Dear fellow travellers
The English poet Coleridge was not at all keen on Malta. "The dreariest of all dreary islands," he wrote in a letter back to his Lakeland home. And Byron is alleged to have described the Maltese capital, Valletta, as memorable mainly for its "yells, bells and smells". Yet in our book the Maltese islands have more going for them than the Romantic poets ever recognised. Forget the concrete jungle of the modern tourist resorts. There is more to Malta than Sliema - a sprawl that grows ever more assertive, its high rise hotels and apartment blocks creeping out towards Dragut Point and mocking ancient Valletta across the water.
The fortress city of Valletta is a fabulous place - a curious mixture of elegance and unkempt charm. Diminutive, but instantly appealing. The walled township sits atop a high promontory between two great harbours, and visitors can walk from one end of Valletta to the other in just twenty minutes. Better, though, to linger for a while and take the pulse of the capital. Walk along the principal promenade, called Triq Ir-Repubblika (Republic Street), for one perspective on Malta. Red pillar boxes and old-style English telephone kiosks recall Britain's colonial imprint. And the parliament building and national library are just two reminders that Malta is now a sovereign nation.
Dive off into the side streets for another Valletta - a place where fading signs announce onetime offices and workshops of shipping agencies, jewellers and lacemakers. Tucked away on Triq Il-Merkanti (Merchants Street) is the building that was once the Office of the Government Valuer for Locally Manufactured Jewellery. Next door housed the Consul for Goldsmiths and Silversmiths. Both sound like super vocations.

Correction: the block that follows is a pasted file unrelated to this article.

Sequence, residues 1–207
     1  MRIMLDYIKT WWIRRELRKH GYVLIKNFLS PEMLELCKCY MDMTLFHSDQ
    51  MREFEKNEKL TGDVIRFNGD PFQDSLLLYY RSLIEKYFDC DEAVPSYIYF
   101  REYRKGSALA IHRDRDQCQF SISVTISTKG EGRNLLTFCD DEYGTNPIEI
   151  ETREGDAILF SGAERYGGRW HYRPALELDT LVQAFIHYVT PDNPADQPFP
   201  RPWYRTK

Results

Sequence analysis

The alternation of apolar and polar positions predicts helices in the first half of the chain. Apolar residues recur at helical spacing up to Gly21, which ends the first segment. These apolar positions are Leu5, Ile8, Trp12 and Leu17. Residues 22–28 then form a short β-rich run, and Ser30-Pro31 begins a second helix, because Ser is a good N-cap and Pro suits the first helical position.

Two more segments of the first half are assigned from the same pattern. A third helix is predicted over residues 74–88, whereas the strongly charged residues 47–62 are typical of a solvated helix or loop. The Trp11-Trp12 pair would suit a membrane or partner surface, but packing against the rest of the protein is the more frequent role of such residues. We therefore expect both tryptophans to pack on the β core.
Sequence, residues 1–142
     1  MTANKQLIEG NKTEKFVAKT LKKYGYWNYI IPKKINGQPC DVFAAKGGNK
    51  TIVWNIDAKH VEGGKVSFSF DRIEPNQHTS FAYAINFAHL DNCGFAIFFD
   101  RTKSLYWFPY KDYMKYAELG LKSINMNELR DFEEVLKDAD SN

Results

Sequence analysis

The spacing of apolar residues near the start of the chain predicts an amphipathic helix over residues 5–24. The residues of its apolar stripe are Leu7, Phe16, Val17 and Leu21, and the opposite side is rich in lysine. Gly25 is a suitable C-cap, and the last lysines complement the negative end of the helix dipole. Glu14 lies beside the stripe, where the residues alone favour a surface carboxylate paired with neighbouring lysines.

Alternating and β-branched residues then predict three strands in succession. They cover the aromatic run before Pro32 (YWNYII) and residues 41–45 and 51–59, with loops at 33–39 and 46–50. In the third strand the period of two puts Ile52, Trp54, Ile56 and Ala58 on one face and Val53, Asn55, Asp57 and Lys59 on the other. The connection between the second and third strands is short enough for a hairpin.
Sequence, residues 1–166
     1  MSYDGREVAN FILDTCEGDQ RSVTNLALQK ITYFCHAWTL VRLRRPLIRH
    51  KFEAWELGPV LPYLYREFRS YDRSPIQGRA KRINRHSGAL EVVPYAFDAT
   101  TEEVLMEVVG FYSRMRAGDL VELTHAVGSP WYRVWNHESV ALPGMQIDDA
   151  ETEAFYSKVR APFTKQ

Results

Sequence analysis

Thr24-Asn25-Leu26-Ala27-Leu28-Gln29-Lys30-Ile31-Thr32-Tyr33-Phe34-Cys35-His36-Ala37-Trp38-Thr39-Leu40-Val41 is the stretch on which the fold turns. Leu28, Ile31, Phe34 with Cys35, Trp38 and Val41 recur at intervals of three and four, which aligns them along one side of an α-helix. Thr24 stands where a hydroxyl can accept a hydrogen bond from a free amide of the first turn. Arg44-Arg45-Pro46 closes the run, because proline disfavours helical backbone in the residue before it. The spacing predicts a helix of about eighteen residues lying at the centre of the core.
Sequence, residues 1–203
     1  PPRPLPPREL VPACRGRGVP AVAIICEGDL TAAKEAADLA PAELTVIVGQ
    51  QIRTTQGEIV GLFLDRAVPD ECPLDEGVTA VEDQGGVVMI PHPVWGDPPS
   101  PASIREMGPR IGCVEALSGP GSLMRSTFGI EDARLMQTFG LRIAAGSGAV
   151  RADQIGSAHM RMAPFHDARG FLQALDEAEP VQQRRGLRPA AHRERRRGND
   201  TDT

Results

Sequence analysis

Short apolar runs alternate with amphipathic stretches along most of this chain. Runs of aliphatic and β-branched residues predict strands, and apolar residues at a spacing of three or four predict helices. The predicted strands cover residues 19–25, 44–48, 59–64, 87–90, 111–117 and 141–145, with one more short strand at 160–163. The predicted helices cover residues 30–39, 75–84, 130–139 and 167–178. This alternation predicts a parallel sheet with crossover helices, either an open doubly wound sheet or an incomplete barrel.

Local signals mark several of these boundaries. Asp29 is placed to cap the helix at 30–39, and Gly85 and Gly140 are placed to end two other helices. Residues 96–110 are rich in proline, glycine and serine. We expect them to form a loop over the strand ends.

Merchants Street has perfect undulations: little dips and rises that enhance perspective and invite exploration. Here flutters a Russian flag above a cultural centre that cherishes Malta's historic links with Russia. And within a block or two there is a Greek Orthodox church, the site of a former synagogue and a dozen little bars and cafés that cater to local residents. Valletta has happily not been given over entirely to tourists, and although English brand-name stores are making their mark on Republic Street, most of the Maltese capital still oozes local character.
Mr Camillieri still runs the ironmonger on St Paul's Street, just as his forefathers did a hundred years ago. Sciberras and Sons look after the electrical and plumbing business along the way. High above their shopfront flies the Libyan flag. Although the Sciberras family may be Maltese through and through, the upper levels of the same building house the Libyan cultural centre - it is a reminder that Africa is never far away in Valletta.
Africa is in the faces of the destitute Eritreans who wander the back streets of Valletta on a sunny winter Saturday. Many arrived in Malta more by accident than design. Setting out from Libya on simple boats, they expected to make landfall in Italy. Malta intervened. And Africa is on the minds of many Maltese citizens who are none too happy at this influx of migrants who have landed on their shores over the last few years.
The queue that snaked around the edge of one government building on Saturday had a more pressing concern - getting a subsidised broadband connection. Saturday was the moment to register an interest in the scheme (nicely dubbed Blueskies by the government). Prime Minister Lawrence Gonzi took the opportunity to turn up and press a little flesh. With an election likely in March, cheap broadband could well be a vote puller. Talk of integrating migrants from Africa into the Maltese mainstream is decidedly not a vote winner.
Nicky Gardner and Susanne Kries
(editors, hidden europe magazine)